That life adapts in response to ever-shifting environmental conditions is a universal truth—and Earth’s climate has certainly been in flux before. But the past century of human activity has plunged the planet into unprecedented territory. Our climate is currently changing at a rate unprecedented in the past 65 million years, since all non-avian dinosaurs went extinct. Some estimates put the current rate of change at 10 to 100 times anything observed in that period.

In effect, this puts Team Adaptation at a deep disadvantage on an already uneven playing field. Adaptation is, by definition, a response to an environmental change—and life needs time to take notice and adjust, whether it’s by tweaking an outward behavior, crystallizing a shift in a population’s gene pool, or both. Now, these results suggests this inevitable lag is widening, and the consequences could be severe.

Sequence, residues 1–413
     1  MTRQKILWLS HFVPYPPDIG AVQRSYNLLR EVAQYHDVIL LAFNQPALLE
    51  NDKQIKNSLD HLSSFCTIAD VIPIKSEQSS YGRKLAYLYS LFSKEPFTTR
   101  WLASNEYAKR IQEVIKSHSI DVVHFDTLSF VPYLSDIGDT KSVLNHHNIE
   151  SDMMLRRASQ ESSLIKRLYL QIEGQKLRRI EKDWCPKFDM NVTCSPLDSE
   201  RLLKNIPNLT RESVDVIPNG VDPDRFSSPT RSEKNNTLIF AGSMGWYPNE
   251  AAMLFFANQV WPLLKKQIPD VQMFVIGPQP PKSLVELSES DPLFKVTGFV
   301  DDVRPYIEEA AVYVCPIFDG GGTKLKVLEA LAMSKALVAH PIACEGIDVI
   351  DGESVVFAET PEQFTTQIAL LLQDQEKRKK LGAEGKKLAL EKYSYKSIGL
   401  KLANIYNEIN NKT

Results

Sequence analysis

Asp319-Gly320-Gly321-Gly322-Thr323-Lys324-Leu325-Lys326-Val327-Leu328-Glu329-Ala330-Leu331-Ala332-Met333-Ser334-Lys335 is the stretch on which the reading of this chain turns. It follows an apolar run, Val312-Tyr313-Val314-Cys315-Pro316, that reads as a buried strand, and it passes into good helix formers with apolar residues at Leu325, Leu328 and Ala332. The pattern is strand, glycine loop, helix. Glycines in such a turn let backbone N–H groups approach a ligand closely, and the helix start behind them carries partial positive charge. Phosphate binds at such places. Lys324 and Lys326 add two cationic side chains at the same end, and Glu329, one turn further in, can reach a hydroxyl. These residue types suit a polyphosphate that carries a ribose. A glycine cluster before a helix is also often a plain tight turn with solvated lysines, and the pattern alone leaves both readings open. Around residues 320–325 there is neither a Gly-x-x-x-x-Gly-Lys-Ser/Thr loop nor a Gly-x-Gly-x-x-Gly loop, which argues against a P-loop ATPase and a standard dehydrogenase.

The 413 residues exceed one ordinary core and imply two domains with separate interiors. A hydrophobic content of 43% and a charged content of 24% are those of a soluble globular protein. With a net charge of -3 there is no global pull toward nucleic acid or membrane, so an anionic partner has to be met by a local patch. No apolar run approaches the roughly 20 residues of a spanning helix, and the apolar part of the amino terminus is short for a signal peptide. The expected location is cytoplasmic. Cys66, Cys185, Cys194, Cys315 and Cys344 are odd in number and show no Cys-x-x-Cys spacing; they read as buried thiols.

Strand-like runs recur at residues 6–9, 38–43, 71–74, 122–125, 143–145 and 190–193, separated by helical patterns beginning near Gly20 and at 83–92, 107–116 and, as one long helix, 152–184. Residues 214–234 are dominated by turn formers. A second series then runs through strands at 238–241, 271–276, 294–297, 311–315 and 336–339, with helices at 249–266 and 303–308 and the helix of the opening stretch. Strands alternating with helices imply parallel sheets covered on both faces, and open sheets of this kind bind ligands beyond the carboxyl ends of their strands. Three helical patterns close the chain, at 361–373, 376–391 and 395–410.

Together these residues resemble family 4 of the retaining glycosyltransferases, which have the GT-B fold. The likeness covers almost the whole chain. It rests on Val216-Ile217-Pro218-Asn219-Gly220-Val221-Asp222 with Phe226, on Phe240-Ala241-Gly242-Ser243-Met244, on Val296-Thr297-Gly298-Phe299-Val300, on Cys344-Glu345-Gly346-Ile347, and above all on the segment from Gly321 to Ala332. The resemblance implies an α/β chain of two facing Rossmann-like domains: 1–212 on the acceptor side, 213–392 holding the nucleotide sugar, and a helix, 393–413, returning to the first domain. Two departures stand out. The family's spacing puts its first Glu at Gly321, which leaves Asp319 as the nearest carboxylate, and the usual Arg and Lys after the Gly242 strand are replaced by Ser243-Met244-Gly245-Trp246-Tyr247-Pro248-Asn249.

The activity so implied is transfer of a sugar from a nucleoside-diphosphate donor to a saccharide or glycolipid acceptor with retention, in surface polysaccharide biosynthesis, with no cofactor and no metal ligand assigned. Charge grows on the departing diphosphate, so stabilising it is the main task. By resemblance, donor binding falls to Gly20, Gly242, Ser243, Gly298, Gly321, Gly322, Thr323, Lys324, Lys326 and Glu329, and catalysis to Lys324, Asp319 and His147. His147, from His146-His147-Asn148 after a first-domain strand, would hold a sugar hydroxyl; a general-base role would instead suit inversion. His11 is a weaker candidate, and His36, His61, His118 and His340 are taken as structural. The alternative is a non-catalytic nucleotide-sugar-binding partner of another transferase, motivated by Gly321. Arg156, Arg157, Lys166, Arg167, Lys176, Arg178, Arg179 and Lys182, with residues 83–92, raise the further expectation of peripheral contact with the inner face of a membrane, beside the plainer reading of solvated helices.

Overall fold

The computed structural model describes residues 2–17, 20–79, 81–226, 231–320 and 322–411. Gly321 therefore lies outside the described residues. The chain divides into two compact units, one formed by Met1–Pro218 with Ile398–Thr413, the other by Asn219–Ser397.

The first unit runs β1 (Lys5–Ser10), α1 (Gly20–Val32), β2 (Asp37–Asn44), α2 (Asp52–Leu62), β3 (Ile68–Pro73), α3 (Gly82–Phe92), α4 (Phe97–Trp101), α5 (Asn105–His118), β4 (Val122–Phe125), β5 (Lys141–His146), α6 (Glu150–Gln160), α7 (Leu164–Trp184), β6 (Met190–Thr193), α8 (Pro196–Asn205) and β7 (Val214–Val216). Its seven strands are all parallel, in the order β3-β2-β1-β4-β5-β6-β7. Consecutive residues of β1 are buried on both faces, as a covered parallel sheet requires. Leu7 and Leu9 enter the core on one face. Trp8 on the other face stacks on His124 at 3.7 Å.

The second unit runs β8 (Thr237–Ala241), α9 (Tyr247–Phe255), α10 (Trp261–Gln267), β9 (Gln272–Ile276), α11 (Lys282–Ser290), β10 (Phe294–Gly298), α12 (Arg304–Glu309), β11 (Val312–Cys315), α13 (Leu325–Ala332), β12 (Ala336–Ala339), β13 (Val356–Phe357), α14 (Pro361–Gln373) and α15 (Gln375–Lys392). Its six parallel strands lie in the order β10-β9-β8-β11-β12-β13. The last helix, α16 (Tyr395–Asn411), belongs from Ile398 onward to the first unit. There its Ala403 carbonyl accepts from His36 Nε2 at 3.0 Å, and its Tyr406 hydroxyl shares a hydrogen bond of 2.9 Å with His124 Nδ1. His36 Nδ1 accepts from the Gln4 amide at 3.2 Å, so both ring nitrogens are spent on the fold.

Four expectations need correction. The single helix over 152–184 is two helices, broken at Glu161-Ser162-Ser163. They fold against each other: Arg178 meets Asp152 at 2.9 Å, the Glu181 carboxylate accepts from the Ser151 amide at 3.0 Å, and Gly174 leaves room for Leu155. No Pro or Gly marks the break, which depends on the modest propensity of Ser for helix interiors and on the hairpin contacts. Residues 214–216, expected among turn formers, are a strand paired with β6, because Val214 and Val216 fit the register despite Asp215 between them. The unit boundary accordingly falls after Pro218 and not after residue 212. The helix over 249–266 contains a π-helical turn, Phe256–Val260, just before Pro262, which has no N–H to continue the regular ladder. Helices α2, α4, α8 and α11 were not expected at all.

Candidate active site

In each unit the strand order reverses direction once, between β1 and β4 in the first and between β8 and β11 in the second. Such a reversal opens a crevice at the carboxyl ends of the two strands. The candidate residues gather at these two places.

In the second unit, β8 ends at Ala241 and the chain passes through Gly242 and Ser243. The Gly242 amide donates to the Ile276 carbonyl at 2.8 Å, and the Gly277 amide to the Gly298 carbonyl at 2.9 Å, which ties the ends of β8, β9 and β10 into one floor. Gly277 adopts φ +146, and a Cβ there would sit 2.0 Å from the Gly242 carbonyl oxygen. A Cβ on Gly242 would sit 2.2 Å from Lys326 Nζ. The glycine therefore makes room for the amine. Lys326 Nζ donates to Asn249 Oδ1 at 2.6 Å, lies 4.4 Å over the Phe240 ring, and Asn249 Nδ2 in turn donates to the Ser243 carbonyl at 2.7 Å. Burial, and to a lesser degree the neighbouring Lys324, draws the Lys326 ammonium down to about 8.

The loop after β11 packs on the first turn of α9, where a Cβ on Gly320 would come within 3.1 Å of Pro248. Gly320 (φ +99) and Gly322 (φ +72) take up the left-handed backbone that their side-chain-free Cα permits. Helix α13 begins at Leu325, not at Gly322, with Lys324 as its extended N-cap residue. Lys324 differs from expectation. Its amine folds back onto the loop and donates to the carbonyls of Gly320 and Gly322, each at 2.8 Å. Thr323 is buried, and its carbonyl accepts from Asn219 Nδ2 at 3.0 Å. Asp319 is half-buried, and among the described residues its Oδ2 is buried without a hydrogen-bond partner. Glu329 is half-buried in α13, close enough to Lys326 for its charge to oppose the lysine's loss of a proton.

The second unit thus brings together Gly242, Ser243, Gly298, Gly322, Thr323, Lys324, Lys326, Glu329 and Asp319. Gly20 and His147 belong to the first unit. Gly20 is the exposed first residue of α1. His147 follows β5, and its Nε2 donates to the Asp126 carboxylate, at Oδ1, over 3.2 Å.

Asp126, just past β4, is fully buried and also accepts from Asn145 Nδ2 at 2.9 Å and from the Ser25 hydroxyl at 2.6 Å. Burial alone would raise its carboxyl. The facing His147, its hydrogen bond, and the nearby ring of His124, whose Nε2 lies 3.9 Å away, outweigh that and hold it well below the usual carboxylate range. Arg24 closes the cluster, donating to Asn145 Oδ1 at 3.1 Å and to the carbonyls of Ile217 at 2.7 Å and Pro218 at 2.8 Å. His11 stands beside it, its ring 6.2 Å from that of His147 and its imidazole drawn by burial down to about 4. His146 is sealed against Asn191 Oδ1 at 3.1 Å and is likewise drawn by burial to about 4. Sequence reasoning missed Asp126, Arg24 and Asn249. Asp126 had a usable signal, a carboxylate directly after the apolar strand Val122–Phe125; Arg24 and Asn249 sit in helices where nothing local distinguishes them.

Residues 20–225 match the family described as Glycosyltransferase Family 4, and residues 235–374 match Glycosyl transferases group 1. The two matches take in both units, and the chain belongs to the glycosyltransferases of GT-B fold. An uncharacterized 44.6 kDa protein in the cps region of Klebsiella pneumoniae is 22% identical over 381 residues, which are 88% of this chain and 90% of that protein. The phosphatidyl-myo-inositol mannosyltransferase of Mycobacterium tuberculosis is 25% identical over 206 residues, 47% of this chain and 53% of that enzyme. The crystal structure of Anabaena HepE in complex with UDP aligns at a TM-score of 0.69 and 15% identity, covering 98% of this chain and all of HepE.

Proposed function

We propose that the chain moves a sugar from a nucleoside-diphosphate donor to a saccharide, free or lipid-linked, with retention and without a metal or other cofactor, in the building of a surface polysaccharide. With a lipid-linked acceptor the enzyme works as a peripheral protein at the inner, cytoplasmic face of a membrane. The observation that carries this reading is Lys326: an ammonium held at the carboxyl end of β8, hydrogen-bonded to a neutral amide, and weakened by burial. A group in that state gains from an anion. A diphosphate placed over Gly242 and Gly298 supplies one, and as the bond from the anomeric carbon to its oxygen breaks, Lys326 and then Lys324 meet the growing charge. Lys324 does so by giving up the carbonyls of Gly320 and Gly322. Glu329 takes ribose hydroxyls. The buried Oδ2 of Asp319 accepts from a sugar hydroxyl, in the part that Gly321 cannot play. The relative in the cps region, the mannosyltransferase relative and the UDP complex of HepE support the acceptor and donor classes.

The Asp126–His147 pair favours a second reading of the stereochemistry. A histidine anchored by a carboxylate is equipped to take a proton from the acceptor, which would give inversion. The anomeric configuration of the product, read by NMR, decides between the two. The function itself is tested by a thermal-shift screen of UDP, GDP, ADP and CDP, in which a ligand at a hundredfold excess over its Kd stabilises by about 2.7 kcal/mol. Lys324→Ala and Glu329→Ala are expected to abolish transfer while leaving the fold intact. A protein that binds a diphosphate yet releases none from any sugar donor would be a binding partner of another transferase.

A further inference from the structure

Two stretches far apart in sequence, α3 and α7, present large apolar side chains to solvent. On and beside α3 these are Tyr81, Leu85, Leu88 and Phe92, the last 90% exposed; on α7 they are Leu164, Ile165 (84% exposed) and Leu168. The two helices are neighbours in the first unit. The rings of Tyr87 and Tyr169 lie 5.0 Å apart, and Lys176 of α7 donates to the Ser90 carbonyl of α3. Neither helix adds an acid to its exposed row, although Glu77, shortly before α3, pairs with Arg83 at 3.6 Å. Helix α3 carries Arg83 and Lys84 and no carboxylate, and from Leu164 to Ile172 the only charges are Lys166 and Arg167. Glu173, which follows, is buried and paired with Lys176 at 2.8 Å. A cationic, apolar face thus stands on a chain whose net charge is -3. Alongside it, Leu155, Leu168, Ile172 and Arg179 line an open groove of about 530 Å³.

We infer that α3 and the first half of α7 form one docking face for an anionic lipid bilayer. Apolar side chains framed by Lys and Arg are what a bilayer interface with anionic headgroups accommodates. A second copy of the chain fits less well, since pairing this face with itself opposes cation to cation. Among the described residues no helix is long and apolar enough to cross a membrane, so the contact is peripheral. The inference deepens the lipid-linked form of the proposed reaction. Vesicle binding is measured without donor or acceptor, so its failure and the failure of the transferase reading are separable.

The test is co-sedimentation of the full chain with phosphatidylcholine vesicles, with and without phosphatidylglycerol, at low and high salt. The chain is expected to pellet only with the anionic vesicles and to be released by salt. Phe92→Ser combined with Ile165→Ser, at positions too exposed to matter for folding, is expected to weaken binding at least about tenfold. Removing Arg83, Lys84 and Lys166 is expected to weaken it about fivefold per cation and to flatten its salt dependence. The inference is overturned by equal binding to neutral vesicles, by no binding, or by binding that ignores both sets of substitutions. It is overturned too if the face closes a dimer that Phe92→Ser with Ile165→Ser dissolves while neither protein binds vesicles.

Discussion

Climate change has always been something of a moving target, Lanham says. But with a boost from humankind, its recent sprints have already begun to leave some species in the dust.

iStock-680778870.jpg

Great tits (Parus major) nesting. The study's results suggest this bird is among the many species that aren't adapting quickly enough to keep pace with the changing climate. Image Credit: mauribo, iStock

All this is further complicated by the fact that life on Earth isn’t infinitely adaptable, says Stepfanie Aguillon, an evolutionary biologist and bird genomicist at Cornell University who was not involved in the study. Breeding seasons can only shift so far forward; an animal can only get so much smaller. Some species may already be hitting the point of diminishing returns. “There’s a hard limit on how much an organism can change,” Aguillon says, “and it’s difficult to know where that limit is until it’s been reached. That’s a pretty scary thing.”